For a variety of reasons over the last decade or so, higher education has come under increasing criticism from policy makers, as well as from students and their families.  First, the price that students and their families have been asked to pay has gone up at relatively high rates, compared to both other goods and services and to family incomes.  While this has not been true for all students and families — because there have been significant increases in financial aid offered by many institutions and by the Federal government through Pell grants — it is true nonetheless for many students.  This has been the case because tuition, room and board prices at private nonprofit colleges have generally been increasing at high rates, and rate increases have been even higher at public colleges because state support has declined.

 At the same time, the demand for higher education has increased, because students and families recognize its value. While it is often being examined and questioned, higher education’s benefits continue to be proven to be significant. A simple example is the very large disparity in the current unemployment rates of people by education level.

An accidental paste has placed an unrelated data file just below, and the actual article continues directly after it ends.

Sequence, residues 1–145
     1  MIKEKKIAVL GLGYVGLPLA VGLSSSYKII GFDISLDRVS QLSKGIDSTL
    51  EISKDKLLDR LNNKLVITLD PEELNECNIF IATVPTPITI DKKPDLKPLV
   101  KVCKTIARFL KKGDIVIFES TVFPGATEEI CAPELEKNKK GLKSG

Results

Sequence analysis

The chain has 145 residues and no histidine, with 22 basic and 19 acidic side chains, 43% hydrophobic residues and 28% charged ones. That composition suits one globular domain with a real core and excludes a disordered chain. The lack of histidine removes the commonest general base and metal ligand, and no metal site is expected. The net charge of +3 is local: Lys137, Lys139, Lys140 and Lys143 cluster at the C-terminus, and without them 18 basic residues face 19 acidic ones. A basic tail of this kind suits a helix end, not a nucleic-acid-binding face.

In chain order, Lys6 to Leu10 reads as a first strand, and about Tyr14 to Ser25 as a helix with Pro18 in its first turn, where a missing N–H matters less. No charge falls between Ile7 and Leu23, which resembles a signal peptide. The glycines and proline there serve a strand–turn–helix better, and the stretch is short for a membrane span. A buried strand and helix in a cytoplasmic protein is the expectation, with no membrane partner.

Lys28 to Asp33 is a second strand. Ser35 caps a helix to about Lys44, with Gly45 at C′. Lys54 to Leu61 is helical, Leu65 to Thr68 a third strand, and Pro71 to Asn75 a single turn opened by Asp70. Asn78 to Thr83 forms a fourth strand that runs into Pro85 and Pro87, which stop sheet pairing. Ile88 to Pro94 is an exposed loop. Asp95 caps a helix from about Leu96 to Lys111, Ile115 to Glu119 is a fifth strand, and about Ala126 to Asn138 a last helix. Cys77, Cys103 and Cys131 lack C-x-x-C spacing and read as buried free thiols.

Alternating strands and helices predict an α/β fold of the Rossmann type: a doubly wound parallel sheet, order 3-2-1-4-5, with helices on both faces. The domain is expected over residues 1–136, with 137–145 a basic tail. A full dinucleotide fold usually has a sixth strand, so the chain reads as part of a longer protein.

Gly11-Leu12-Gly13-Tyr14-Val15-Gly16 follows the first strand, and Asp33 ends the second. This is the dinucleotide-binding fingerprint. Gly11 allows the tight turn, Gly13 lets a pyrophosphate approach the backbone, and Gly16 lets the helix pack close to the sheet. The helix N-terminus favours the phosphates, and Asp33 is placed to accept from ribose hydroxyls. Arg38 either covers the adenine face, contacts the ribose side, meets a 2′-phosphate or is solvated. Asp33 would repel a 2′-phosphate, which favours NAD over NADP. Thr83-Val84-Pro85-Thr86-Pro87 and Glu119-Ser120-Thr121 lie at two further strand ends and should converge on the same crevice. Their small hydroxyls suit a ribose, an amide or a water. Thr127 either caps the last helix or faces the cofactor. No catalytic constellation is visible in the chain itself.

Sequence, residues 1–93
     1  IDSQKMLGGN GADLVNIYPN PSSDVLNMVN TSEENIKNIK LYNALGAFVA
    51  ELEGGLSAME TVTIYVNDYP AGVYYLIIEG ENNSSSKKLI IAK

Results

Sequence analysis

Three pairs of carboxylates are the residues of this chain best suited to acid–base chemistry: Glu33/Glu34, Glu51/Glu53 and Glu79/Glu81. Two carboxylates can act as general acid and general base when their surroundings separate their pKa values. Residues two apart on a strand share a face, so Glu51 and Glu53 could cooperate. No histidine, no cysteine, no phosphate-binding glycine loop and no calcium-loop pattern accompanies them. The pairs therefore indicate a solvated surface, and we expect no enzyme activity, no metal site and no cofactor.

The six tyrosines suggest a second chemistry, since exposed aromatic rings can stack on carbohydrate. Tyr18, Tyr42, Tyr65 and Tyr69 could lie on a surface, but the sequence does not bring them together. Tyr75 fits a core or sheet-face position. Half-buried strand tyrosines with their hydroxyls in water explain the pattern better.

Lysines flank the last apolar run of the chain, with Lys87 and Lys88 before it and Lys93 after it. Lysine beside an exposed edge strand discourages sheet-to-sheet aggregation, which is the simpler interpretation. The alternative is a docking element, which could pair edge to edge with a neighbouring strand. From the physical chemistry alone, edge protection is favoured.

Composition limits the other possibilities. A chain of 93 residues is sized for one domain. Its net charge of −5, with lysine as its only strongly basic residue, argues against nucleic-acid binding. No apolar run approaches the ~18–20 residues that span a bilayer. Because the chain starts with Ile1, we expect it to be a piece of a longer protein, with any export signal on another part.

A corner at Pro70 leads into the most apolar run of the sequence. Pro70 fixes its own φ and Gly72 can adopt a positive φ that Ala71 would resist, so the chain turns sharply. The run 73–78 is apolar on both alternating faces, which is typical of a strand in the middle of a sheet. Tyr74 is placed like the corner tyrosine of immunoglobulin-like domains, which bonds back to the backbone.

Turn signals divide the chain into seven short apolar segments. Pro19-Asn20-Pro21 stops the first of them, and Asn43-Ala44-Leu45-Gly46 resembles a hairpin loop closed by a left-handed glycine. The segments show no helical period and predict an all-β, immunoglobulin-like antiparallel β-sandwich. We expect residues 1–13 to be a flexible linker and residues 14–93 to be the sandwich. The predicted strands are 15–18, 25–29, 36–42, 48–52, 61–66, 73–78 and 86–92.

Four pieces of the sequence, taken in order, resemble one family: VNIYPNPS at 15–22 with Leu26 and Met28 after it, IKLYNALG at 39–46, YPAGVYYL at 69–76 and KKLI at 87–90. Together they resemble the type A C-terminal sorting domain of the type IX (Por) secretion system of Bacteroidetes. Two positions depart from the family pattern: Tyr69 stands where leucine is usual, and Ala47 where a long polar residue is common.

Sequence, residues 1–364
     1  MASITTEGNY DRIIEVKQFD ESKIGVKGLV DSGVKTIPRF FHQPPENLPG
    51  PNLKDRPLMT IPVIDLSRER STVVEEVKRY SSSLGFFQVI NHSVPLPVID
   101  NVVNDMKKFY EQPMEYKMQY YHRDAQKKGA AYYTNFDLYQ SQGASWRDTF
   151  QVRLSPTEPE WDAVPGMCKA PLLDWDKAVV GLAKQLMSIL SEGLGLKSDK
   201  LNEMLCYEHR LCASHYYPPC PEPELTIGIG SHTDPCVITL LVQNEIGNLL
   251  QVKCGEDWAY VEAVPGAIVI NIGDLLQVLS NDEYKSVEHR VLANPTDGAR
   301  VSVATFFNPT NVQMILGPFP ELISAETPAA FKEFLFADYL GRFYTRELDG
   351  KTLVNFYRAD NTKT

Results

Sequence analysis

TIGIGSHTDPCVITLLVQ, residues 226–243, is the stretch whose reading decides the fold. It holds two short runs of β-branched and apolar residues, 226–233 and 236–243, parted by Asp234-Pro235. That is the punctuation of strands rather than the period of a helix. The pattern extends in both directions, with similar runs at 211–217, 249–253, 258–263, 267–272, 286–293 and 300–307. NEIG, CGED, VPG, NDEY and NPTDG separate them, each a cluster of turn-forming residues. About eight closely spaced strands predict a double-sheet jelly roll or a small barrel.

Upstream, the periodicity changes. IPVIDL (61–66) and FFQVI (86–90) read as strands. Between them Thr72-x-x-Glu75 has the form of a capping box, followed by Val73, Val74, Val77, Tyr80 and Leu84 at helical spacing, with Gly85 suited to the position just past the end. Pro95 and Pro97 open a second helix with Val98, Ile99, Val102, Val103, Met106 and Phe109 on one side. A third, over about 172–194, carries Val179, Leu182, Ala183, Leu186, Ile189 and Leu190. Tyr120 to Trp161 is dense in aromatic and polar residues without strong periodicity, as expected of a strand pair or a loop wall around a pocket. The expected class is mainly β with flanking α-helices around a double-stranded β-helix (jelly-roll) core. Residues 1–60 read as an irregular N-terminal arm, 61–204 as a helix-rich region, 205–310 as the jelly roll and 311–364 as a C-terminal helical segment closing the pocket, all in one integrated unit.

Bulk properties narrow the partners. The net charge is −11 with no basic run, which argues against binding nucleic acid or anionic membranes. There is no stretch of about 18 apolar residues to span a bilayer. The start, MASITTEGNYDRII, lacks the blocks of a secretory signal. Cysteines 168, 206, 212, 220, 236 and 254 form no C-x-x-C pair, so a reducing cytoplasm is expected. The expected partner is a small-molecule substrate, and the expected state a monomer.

The convergence of rising prices with increased demand has magnified people’s sense of dissatisfaction, as families see something they desire move out of reach.  Some policy makers express frustration because they perceive that the public resources allocated to higher education have not kept prices down or significantly improved access.   

These criticisms are misguided or misdirected.  Institutions of higher education are responding to the incentives offered by government. If policy makers do not like the outcomes, they should change the incentives created by their policies.

 Some of the incentives that the government offers to institutions of higher education result in the same kind of unintended consequences created by subsidies for home ownership.  For example, as the interest deduction on mortgages currently works, the larger the house one buys, the greater the resulting subsidy.  So, while home ownership is the objective, the deduction has been structured in a way that encourages purchasing bigger houses, which most likely isn’t the social benefit that the government is trying to generate. 

In higher education, some of the government support that accrues to certain institutions is used to increase spending per student, improving the quality of the education that those students receive, but not necessarily increasing the number of students who receive that improved education. In some cases, government support even accrues to relatively high-income students who would have gone to college regardless of any subsidy.